I will give a vague but serious warning that throwing yourself into obstacles that are not yet the challenges you’re meant to take on is dangerous. When you’re waking from nightmares with thoughts about how life would be better if you could only figure out the problems in a story, that story was a wrong choice.

Writing, supposedly, is supposed to fun, or it’s fulfilling. Hitting a wall over and over again means you’re facing the wrong direction. It means the wall needs bars as footholds for climbing.

I haven’t been building up for the climb.

What does this new understanding mean for my partially completed novels? I guess that if I were to assume that my advice is good enough that even someone with low self-esteem and weak assessment ability can follow through on it, then I need to focus on building the needed skills one by one.

The walls are for climbing, for play and for work, not for abuse.

Creative Outlets: Take 2

I shared yesterday what my creative outlets have been through recent years. Lee Lowry’s post on A Taste for Murder reminded me of another outlet on my better health days: graphic design.

I put together several of the design elements across my website, including headers and the donation badge in the site footer. However, my favorite design activity is to create book covers.

Pulling apart a story into pieces to form a cover that can suggest what a reader will enjoy about the story is about a satisfying as picking apart the remains of dinner to make food sculptures for the family. (Does anyone else do that? I might have missed several of my creative outlets in the first list….)

While some of the covers are for publication (for example, “Grotesquery”), others are to test out how I feel about a story. Here are a few of the ebook covers I’ve designed for myself.





It is a race

With no one else

I hate my pace

I’m too slow

I must go


I push, my mind

It realizes

I can’t be kind

My body

Will comply

“Yes, master”

There is the line

I see my goal

I’m almost there

Can’t quit now

Shoulders low



This poem was originally published with a personal essay, “Motivation” (2011).

Image of Jupiter from a moon's mountain range

Post-Convention Thoughts and Reimagining

quotes and lessons from MileHiCon 50, a literary speculative fiction convention

Image of Jupiter from a moon's mountain range
The gas giant Jupiter from a moon (artist’s rendering) © AlexAntropov86

Modeling the World in Fiction

There’s a quality of fiction that’s modeling–that’s showing a model of the world.

Author Paolo Bacigalupi said this last Friday during a panel discussion. His line is one of the best things I heard at the convention. That’s one of my favorite uses of fiction: the modeling.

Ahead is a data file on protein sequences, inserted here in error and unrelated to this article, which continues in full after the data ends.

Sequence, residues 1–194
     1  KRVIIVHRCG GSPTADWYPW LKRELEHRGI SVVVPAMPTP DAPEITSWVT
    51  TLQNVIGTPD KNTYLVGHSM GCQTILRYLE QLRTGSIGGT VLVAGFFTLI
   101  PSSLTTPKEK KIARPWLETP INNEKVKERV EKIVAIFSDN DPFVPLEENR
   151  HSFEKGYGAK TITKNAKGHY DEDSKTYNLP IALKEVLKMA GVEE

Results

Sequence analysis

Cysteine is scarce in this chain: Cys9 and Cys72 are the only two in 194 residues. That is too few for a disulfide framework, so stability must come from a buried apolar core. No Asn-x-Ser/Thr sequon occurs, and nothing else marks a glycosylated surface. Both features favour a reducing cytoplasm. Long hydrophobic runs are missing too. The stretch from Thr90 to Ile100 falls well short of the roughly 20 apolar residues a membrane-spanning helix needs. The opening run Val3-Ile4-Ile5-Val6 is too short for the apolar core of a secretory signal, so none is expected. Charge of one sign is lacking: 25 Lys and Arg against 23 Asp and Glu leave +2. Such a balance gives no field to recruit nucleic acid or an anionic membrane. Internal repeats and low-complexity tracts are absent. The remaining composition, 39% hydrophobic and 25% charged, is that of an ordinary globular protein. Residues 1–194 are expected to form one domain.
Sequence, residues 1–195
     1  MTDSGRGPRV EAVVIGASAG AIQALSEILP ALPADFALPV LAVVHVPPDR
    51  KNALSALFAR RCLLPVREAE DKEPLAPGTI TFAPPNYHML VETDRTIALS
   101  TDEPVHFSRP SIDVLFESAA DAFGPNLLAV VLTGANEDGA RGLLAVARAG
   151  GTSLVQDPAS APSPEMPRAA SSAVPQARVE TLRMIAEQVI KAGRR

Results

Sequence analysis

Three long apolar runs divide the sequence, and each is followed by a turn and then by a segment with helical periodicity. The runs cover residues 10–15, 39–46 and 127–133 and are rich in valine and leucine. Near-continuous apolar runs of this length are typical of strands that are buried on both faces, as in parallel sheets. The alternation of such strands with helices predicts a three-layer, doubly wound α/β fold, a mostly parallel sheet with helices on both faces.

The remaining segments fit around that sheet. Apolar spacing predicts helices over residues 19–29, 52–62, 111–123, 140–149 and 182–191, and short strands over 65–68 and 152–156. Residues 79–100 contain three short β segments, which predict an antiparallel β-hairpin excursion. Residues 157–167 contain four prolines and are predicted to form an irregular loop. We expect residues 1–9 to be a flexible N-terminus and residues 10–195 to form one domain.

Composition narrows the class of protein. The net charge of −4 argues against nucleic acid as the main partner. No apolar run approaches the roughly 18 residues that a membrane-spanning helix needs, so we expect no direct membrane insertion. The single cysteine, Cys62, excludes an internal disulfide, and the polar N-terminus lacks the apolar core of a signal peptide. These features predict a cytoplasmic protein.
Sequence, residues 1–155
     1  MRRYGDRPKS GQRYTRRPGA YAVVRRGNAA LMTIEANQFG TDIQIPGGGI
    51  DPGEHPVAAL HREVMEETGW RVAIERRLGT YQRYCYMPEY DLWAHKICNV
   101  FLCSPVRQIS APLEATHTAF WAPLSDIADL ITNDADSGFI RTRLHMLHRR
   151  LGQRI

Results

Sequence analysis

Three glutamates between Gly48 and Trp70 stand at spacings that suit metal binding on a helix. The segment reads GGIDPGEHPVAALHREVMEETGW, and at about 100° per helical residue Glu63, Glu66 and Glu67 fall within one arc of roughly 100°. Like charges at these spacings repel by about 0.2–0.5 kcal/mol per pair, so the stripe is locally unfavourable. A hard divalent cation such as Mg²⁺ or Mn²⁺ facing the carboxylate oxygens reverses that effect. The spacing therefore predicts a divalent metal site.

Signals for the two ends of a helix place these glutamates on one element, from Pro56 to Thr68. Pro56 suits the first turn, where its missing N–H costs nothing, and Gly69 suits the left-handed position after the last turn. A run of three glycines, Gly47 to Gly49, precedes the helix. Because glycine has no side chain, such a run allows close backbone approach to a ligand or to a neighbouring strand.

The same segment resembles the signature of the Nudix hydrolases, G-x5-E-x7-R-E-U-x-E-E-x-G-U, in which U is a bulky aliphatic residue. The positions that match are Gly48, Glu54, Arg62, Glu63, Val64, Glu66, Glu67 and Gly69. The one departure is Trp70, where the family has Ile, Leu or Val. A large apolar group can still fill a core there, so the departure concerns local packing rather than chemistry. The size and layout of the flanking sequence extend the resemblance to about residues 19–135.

The World of Horror

Bacigalupi shared a showcase slot with another author, Lawrence Watt-Evans, a former president of the Horror Writers Association (HWA). He explained that Horror has gone through cycles since the late 17th century. The “Horror” genre label developed in the 1970s.

Do you remember when I was trying to figure out if I write horror stories?

We’re calling it Dark Fantasy now. Because people don’t know they don’t like that.

I really should’ve asked Watt-Evans more questions about what counts as a dark fantasy while I had the chance. Since that opportunity has past–Do you agree? Feel free to share your thoughts in the comments about the Dark Fantasy and Horror connection.

Imagining Fiction for the World

There’s a question I repeatedly asked myself at last weekend’s convention: Why am I not sitting on panels?

I can often answer audience questions. I’ve been watching the publishing world that long. (I mainly attend panels anymore to see interesting authors talk, not as much to hear what they say.)

Of course knowing how to answer questions isn’t enough. My uninspiring author’s bio is a problem. (Uninspiring? It’s depressing.)

Where do I see myself…?

MileHiCon (ten years ago?) was the first big literary event I’d seen. One of my writing dreams since that first experience has been to sit on an authors’ discussion panel. I imagine sitting at the table with professionals, facing a room full of people willing to listen to our thoughts about storytelling. Someone else is the moderator in this dream, so I’m only responsible for playing the part of a new panelist.

With the type of luck woven into my life, I’m fairly certain that first time would have its nightmare moments. A fellow panelist might pick a fight, an audience member could interrupt every few minutes, an emergency can divert everyone into defensive mode, or anything of the kind would happen. I would gratefully accept the risks.

How does imagination become reality?

How? I’ve decided to try harder to sit on an author’s panel at an upcoming MileHiCon or another worthwhile event.

I need credentials in publishing or a related subject. Why should anyone care what I say? (Why do you?) For credentials, I need more experience.

Related to the need for more authorial experience, I have reconsidered setting aside a short story I love, one that’s been cycling through readers and rewrites for too long. I’m publishing that short story under my Blacklyn byline.

Upcoming eBook Release

“Grotesquery” is a melancholy fantasy about a wizard, a grotesque stone guardian, and their medieval-fort city. The story is also social commentary about today’s world, though that might only be my interpretation.

My goals in publishing this short ebook are (1) learn more about Amazon Kindle Direct to test out features I might need for longer works, if self-publishing, and (2) share this fantasy story with more people.

Please help spread the word to any readers who might like literary short fantasy.

Thank you for being a reader of Shadows in Mind.

2018 Winner of Camp NaNoWriMo header

Goodbye, Camp NaNoWriMo 2018

2018 Winner of Camp NaNoWriMo header

When I posted “NaNoWriMo 2018: Late to Camp“, we were already in the second week of July. I’d committed to a new project and no cabin for encouragement. Feeling alone and behind schedule makes for an intimidating start.